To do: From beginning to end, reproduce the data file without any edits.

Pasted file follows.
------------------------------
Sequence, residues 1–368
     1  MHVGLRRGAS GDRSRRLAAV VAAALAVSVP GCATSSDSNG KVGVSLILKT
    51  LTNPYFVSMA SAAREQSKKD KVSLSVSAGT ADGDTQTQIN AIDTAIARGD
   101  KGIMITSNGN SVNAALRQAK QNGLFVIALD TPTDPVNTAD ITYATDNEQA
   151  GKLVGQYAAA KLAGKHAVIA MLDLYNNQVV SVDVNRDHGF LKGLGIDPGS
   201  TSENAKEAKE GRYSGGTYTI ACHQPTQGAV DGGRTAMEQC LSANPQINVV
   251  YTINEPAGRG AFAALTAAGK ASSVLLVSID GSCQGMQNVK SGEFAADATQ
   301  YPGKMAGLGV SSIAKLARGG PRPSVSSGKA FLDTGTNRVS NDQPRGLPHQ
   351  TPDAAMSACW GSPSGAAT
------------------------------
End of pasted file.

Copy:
Sequence, residues 1–368
     1  MHVGLRRGAS GDRSRRLAAV VAAALAVSVP GCATSSDSNG KVGVSLILKT
    51  LTNPYFVSMA SAAREQSKKD KVSLSVSAGT ADGDTQTQIN AIDTAIARGD
   101  KGIMITSNGN SVNAALRQAK QNGLFVIALD TPTDPVNTAD ITYATDNEQA
   151  GKLVGQYAAA KLAGKHAVIA MLDLYNNQVV SVDVNRDHGF LKGLGIDPGS
   201  TSENAKEAKE GRYSGGTYTI ACHQPTQGAV DGGRTAMEQC LSANPQINVV
   251  YTINEPAGRG AFAALTAAGK ASSVLLVSID GSCQGMQNVK SGEFAADATQ
   301  YPGKMAGLGV SSIAKLARGG PRPSVSSGKA FLDTGTNRVS NDQPRGLPHQ
   351  TPDAAMSACW GSPSGAAT